And despite the interesting story possibilities it’s hard seeing your favourite characters get older. In reality, we all have to deal with getting old and worse, we have to watch those we love age and get sick and sometimes suffer. Cinema is a form of escapism and these characters are myths. They exist outside of time and through our repeat viewings they remain forever young. We want our myths and icons to remain as they were because we can’t. They should be the once and future heroes, ready to come back to us in our time of need. Seeing Luke Skywalker old, jaded and broken destroys our fantasy. Our escapism becomes all too real.

And our new distribution platforms have changed the way people see content – the medium is the message and all that. Someone born today won’t necessarily understand pop culture’s hierarchy. On streaming services, the original Star Wars films made in the 1970s and 80s will sit beside the prequels and the sequels and spin-offs. There is no first time, no original. Only content. And these properties will transcend time. The audience is not a single generation. It’s ever-increasing ripples of nostalgia will echo down the years, with people getting sentimental about the things they were never there to experience in the first place, like D-day obsessed Brexiteers.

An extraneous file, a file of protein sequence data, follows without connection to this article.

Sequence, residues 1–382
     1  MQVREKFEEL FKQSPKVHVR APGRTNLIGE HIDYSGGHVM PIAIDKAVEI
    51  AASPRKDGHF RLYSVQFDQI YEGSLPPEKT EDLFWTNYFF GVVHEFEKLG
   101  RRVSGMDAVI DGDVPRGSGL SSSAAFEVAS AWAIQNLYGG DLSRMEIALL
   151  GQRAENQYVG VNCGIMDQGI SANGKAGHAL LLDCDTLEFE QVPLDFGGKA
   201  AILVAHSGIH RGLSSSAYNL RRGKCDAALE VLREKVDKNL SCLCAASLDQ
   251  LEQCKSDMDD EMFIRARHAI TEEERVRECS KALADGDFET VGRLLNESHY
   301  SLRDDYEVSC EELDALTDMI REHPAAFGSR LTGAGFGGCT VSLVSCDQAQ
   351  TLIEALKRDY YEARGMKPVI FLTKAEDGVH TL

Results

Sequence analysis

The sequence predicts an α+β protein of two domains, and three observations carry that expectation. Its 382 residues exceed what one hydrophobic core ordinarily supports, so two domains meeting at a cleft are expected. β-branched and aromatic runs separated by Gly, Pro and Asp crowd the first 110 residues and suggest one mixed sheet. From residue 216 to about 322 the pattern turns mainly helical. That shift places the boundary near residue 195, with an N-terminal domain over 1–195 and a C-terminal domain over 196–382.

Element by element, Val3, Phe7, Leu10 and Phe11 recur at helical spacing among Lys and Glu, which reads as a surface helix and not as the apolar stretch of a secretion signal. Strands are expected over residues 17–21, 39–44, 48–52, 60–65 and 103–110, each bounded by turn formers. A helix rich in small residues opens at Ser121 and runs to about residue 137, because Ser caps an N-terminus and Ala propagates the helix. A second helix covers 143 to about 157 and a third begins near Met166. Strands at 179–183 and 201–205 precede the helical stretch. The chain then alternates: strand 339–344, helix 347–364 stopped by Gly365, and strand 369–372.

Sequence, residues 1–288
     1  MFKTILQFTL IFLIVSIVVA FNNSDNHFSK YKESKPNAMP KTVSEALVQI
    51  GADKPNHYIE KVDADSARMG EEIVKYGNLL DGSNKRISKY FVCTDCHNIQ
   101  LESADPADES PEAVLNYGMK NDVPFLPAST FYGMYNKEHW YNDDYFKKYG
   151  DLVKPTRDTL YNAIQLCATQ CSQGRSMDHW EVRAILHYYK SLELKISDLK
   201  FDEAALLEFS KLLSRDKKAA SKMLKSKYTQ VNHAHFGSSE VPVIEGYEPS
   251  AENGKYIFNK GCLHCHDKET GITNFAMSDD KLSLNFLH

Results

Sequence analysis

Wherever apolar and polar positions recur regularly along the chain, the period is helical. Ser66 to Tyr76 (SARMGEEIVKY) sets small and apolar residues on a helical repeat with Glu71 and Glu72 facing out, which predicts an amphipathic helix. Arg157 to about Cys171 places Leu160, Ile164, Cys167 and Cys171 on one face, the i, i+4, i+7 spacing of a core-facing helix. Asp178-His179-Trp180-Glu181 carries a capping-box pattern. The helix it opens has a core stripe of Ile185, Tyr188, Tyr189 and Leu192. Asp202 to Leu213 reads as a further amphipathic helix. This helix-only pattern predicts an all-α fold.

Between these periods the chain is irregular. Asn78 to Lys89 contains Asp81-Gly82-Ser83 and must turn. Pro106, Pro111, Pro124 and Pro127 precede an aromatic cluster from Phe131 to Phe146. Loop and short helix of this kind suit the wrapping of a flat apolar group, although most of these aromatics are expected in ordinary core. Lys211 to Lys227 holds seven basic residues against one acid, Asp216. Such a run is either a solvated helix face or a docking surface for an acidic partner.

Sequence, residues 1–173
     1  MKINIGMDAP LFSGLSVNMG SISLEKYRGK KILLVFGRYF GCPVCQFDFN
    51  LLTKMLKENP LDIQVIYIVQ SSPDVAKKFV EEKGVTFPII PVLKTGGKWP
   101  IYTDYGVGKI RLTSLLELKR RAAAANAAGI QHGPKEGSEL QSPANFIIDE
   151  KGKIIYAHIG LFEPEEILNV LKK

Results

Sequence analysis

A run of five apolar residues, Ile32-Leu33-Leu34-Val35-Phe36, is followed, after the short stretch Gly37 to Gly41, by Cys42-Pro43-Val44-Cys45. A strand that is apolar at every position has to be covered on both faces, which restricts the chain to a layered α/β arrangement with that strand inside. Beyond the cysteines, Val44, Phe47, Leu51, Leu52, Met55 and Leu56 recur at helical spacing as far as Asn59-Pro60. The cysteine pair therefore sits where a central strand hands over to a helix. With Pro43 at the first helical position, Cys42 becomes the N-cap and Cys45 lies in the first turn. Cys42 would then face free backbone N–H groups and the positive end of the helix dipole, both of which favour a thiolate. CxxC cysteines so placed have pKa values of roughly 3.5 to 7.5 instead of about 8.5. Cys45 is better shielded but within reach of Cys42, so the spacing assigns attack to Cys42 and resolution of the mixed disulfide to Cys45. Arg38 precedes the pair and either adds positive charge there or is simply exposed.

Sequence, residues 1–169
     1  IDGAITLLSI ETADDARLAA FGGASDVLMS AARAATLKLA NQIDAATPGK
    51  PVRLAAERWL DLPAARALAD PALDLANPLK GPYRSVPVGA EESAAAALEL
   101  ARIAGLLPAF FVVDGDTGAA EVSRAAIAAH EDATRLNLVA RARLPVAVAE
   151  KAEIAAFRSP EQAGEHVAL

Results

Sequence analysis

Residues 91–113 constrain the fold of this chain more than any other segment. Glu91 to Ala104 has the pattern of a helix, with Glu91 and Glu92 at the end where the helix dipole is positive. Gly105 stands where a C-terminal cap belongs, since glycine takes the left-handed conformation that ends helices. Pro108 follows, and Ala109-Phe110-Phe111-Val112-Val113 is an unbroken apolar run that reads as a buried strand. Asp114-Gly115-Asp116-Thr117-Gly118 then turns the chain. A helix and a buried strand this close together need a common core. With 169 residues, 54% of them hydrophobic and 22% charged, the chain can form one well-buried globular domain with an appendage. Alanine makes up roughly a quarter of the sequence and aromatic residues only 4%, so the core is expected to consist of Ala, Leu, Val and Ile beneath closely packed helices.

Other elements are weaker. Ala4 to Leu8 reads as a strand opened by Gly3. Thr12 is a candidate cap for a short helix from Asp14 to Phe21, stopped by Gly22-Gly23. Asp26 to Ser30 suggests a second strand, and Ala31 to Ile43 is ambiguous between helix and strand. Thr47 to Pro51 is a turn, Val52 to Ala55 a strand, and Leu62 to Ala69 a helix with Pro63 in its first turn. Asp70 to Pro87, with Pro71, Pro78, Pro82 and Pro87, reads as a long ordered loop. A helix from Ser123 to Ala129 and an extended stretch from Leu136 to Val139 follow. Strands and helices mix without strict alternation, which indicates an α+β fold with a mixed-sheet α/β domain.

There will be Star Wars films after we all die. Isn’t that weird? Shouldn’t there be new stories, new icons and each generation given the chance to express themselves and reflect their world?

The more mythology we add, the more meaningless the original text becomes. Any first film of any franchise existed because that was the story that a writer wanted to tell. For the characters, this moment has been chronicled because it’s the most significant moment in their lives. And sure, there are always more stories to tell. But Another Stakeout is never going to be quite the same as Stakeout. Sequels are always contriving to be what was once there before. Once you start chronicling every moment of a character’s life, with the same characters crossing paths again and again, the original text becomes meaningless. Remember, that first film was THE story. Now it’s just A story.